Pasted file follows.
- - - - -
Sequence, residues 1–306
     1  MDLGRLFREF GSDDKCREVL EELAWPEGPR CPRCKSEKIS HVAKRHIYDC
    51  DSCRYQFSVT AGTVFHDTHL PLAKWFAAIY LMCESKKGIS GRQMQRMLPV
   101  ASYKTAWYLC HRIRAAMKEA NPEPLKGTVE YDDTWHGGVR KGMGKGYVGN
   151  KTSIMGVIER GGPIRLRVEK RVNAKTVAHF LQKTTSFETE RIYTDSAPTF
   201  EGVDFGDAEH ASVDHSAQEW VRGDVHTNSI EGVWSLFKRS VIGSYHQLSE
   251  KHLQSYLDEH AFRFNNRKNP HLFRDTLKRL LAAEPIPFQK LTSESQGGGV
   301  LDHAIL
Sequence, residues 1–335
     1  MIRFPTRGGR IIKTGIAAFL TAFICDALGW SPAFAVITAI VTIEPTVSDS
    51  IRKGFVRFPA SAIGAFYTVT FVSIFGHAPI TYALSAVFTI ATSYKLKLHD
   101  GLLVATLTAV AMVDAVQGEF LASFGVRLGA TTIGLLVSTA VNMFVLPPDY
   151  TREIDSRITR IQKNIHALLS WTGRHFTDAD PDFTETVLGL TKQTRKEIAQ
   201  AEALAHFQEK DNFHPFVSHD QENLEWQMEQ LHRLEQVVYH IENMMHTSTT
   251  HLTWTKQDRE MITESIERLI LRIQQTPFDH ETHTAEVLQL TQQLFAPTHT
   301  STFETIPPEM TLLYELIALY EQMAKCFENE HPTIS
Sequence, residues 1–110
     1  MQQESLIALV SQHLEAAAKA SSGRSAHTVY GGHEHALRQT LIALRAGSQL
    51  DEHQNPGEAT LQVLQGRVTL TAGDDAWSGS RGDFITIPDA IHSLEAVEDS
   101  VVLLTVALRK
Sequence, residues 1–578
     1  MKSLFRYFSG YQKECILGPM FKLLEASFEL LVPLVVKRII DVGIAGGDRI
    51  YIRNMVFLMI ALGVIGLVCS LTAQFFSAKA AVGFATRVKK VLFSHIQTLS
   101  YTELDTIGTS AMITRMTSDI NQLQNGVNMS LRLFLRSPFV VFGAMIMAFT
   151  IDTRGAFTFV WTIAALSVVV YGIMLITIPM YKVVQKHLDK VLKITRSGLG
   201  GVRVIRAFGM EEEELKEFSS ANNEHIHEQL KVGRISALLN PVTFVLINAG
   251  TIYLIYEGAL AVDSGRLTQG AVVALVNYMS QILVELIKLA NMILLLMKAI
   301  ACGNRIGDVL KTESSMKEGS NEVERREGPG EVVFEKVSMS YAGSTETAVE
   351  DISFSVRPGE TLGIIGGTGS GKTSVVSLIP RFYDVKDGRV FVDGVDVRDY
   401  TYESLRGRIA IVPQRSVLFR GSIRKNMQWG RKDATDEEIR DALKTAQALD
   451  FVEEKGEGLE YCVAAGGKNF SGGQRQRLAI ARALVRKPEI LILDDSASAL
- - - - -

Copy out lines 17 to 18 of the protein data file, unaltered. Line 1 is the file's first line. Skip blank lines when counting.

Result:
Sequence, residues 1–110
     1  MQQESLIALV SQHLEAAAKA SSGRSAHTVY GGHEHALRQT LIALRAGSQL